As BullGuard reports:

“When someone hacks a PC, personal data is at risk. But when someone hacks a robotic manufacturing arm that entire manufacturing line is at risk, if someone hacks a medical monitor a patient is at risk, if some hacks a smart lighting system that smart home is at risk.”

MPM Computer Consultancy provides IT Services, Support and Training to sole traders and small businesses in Ipswich. Bury St Edmunds and surrounding villages.

Source: BullGuard

Look Out, There’s SMS Phishing About

SMS Phishing scam


SMS Phishing is fast becoming one of the most common forms of threat – even more so than fake apps.

You might think that in the scale of things, SMS scams as a cyber threat is a bit old school, but that’s what makes them so darn clever. You are constantly reminded about looking out for fake apps, dodgy emails and unsecured websites but what happens if you get a text telling you you’ve won a product?

The chances are because it’s not an email, you would be drawn in. The fake URL contained within the message proves too tempting, and you click – after all, what harm could it do? It’s only a text.

The problem is that one click will unleash malware on your smartphone.

Don’t get caught out

It pays to be vigilant whether using your PC, tablet or phone. To help you stay safe here are a few things to watch out for, courtesy of BullGuard:

  • Don’t click on messages from unknown sources that contain links
  • Don’t reply to any messages that ask about your finances
  • If the text demands a quick reply, ignore it, it’s probably a smishing attempt
  • Don’t call back a number associated with a text that has arrived ‘out of the blue’
  • If the message starts: “Dear user, congratulations, you have won” (or something along those lines) it’s a scam
  • If the message purports to be from a long lost friend, it’s a scam

To be on the safe side, here at MPM we recommend you protect your devices with a product like BullGuard (others are available).

Above all, stay vigilant and stay safe.


MPM Computer Consultancy provides IT Services, Support and Training to sole traders and small businesses in Ipswich. Bury St Edmunds and surrounding villages.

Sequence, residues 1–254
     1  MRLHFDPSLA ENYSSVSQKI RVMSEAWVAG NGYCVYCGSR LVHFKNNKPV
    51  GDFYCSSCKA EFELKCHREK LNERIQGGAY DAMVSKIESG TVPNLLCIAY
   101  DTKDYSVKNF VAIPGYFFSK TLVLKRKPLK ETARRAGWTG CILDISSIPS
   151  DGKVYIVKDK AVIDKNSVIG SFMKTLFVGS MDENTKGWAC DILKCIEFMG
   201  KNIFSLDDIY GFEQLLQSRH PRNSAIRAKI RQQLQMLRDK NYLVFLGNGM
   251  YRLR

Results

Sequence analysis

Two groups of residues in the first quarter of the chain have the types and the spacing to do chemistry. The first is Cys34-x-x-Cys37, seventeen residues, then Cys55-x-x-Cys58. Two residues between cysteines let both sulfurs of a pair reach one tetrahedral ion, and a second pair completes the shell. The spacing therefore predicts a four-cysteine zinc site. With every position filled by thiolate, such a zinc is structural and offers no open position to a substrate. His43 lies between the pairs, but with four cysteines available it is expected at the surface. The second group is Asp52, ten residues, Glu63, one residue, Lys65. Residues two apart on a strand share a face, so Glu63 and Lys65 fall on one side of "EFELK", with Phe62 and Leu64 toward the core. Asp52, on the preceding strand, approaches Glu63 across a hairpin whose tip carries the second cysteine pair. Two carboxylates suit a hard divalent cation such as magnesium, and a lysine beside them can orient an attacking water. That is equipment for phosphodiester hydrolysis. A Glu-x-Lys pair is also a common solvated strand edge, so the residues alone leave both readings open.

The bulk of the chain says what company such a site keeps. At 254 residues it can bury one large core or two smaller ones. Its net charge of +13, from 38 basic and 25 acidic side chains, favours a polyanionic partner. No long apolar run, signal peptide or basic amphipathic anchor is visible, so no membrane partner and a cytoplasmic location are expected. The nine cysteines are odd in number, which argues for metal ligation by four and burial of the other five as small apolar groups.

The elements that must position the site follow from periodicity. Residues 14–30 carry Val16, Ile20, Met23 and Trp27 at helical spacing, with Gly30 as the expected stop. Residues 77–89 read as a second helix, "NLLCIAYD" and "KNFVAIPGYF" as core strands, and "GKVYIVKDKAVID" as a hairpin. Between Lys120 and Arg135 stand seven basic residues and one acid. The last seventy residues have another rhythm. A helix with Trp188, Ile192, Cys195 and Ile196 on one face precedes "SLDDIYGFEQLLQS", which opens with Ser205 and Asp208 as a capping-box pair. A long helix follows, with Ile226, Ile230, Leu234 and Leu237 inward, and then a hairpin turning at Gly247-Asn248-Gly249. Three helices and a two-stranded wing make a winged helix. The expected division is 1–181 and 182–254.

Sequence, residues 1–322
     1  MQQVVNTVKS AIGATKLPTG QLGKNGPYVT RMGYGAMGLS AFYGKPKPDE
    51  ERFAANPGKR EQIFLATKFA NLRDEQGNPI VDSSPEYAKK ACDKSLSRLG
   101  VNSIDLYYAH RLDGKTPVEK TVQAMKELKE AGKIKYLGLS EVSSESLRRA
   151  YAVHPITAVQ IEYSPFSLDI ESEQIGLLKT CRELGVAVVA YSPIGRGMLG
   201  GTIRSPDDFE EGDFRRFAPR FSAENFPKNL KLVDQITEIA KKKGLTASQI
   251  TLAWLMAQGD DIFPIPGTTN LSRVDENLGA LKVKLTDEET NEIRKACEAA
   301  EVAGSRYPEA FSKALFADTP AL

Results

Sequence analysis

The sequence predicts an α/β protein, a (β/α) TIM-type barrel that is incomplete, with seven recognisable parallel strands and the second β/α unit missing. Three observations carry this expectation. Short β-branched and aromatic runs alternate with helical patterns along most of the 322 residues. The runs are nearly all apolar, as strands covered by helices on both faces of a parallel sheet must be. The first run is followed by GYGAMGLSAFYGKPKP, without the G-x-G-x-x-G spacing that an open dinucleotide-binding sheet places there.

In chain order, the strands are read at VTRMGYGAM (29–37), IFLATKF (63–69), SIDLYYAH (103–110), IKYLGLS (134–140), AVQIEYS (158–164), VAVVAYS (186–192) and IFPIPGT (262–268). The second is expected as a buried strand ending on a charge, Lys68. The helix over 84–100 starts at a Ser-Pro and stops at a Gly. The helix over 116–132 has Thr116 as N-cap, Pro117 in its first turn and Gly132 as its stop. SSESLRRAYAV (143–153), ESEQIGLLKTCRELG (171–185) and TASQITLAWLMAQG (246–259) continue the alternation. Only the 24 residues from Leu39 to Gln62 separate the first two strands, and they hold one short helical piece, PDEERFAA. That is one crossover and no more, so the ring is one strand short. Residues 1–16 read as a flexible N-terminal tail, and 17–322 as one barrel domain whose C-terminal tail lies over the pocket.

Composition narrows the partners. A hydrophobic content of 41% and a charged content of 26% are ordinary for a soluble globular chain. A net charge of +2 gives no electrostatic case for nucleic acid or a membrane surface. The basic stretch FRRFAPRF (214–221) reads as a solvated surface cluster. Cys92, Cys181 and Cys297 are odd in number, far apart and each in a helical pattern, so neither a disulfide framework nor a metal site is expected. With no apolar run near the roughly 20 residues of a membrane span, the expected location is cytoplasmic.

Source: BullGuard

It’s The Season of Giving But That Doesn’t Mean You Should Give a Stranger Access to Your Computer

Scammers and hackers


It’s The Season of the Hacker

We first published this blog post back in June of last year to warn you about hackers. However, considering the number of clients we’ve been trying to rescue from scams recently, it’s about time we posted it again.

Regardless of whether you get a phone call purporting to be from your phone company or a software giant, hang up. Just today we were called by ‘BT’ telling us that someone had hacked our router and could see all our internet searches and purchases. All we had to do was go to Google and open a site…we put the phone down at that point. And that’s what you should be doing.

Now and then the scam phone calls start.

They come out of the blue to catch you unawares.

As you go about your business, someone informs you there’s a problem with your computer – what do you do?

Before I answer that take a look at these questions:

  • Would you give a total stranger the keys to your house?
  • Would you give a total stranger the keys to your car?
  • Would you tell a total stranger how to access your financial banking system?

I’m guessing you answered no to all of those. So how come people give a total stranger (i.e. a hacker) access to their computer?

On the strength of one unsolicited call, people allow remote access to their computers – and that means their files, photos and everything else they hold dear.

Yes, the caller is probably very polite, they will even try to make you believe they are doing you a favour and have called just in the nick of time.

But answer me this – how do they know what’s on your computer? There is no way they can tell what software you’re running, programmes or anything else for that matter, so there is no way they’ll know whether you have a virus on your machine or not.

No one from a multinational billion dollar turnover company (i.e. Microsoft) is going to phone a residential customer to resolve an issue on their PC or laptop.

When you get one of these bogus calls – and you will – do yourself a favour and hang up on them. If you want, call a trusted local company, like MPM IT and get them to check over your PC for you for your peace of mind.

MPM Computer Consultancy provides IT Services, Support and Training to sole traders and small businesses in Ipswich. Bury St Edmunds and surrounding villages.